Grab bag: Pufferfish, TV, good writing
"`So, Rafe,' Walter says when we're all seated. `Do you want to talk to the Bellyard affair?'
"And that's another thing that gets my goat, Walter's shameless use of corporate speak. I hope he asks me to talk to Rory Stillrock, because I'll reply I can't, the poor bastard's dead."
That's an amusing line with a righteous target. I should add, too, that while crime fiction offers plenty of acerbic protagonists and plenty of introspective protagonists and quite a number of funny protagonists, Pufferfish is among the few who are all three. The Pufferfish novels are: Pig's Head (1994), X and Y (1995), A Second Hand (1995), The Devil Taker (1997), No Weather For a Burial (2010), and the new How the Dead See.
"Are you inferring that I—"Misuse of infer for imply has long been a common mistake, and correcting it can get a copy editor in trouble. I loved the exchange.
Discussion here at Detectives Beyond Borders and on Adrian McKinty's blog, which introduced me to show, has elicited comparisons with celebrated television comedies of recent years, including Seinfeld.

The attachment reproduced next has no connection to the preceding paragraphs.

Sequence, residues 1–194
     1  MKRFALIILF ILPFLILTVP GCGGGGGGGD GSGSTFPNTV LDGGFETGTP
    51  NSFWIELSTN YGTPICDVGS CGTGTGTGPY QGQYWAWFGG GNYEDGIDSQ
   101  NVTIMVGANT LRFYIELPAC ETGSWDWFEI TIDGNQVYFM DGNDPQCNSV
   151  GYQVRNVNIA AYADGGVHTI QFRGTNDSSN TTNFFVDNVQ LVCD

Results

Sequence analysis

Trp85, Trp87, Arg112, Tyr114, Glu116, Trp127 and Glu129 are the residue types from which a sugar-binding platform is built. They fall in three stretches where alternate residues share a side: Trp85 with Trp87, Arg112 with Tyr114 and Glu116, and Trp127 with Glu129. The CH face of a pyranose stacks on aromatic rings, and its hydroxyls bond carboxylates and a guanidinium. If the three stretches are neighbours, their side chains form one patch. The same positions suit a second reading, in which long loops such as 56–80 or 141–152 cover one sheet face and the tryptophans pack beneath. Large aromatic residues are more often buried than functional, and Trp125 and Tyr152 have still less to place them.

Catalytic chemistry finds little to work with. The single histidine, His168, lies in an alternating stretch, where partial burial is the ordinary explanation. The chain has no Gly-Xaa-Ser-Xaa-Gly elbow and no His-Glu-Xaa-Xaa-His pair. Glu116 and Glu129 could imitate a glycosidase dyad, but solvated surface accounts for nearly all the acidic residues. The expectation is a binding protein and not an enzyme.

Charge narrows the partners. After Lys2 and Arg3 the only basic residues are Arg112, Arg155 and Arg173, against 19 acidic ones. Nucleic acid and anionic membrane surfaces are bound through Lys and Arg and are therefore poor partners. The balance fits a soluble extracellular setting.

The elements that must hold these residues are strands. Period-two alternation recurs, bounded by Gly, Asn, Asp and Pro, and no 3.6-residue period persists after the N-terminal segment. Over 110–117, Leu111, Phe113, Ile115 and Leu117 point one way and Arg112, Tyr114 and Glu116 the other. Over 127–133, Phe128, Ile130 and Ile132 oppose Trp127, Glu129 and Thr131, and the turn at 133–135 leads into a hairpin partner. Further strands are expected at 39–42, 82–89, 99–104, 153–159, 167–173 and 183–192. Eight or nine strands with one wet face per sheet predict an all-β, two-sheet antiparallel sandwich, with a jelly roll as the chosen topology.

What made Seinfeld the show that it was? Look at the post-Seinfeld television careers of some of that show's principals. Jason Alexander, who played George, and Michael Richards, who played Kramer, each starred in a show shunned by viewers and panned by critics as among the worst ever. Series co-creator Larry David, on the other hand, went on to make the excellent Curb Your Enthusiasm.
Conclusion? Writing matters. Maybe that's why another Seinfeld cast member, Julia Louis-Dreyfus. chose a show with a distinguished writing team behind it for her latest TV series: Veep, created by Armando Iannucci, who also created The Thick of It.
© Peter Rozovsky 2012